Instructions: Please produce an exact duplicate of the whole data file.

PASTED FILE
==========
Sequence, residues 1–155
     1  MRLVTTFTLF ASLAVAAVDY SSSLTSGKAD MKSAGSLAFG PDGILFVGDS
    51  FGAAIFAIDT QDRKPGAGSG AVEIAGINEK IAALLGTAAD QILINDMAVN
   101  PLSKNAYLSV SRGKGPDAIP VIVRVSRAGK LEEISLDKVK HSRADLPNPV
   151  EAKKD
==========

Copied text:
Sequence, residues 1–155
     1  MRLVTTFTLF ASLAVAAVDY SSSLTSGKAD MKSAGSLAFG PDGILFVGDS
    51  FGAAIFAIDT QDRKPGAGSG AVEIAGINEK IAALLGTAAD QILINDMAVN
   101  PLSKNAYLSV SRGKGPDAIP VIVRVSRAGK LEEISLDKVK HSRADLPNPV
   151  EAKKD